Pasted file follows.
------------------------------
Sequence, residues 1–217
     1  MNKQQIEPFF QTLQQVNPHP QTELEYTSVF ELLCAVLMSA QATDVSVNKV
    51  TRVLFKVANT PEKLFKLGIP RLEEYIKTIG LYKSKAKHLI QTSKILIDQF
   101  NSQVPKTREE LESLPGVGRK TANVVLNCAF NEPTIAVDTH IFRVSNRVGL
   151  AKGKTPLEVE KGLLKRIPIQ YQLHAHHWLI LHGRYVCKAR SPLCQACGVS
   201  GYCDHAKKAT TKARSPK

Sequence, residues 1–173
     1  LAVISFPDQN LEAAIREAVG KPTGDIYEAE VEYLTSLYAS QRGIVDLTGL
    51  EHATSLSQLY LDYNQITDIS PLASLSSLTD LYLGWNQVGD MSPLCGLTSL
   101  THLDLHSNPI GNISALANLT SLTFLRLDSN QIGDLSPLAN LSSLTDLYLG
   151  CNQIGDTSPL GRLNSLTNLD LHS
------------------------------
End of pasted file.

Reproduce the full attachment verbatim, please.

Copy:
Sequence, residues 1–217
     1  MNKQQIEPFF QTLQQVNPHP QTELEYTSVF ELLCAVLMSA QATDVSVNKV
    51  TRVLFKVANT PEKLFKLGIP RLEEYIKTIG LYKSKAKHLI QTSKILIDQF
   101  NSQVPKTREE LESLPGVGRK TANVVLNCAF NEPTIAVDTH IFRVSNRVGL
   151  AKGKTPLEVE KGLLKRIPIQ YQLHAHHWLI LHGRYVCKAR SPLCQACGVS
   201  GYCDHAKKAT TKARSPK

Sequence, residues 1–173
     1  LAVISFPDQN LEAAIREAVG KPTGDIYEAE VEYLTSLYAS QRGIVDLTGL
    51  EHATSLSQLY LDYNQITDIS PLASLSSLTD LYLGWNQVGD MSPLCGLTSL
   101  THLDLHSNPI GNISALANLT SLTFLRLDSN QIGDLSPLAN LSSLTDLYLG
   151  CNQIGDTSPL GRLNSLTNLD LHS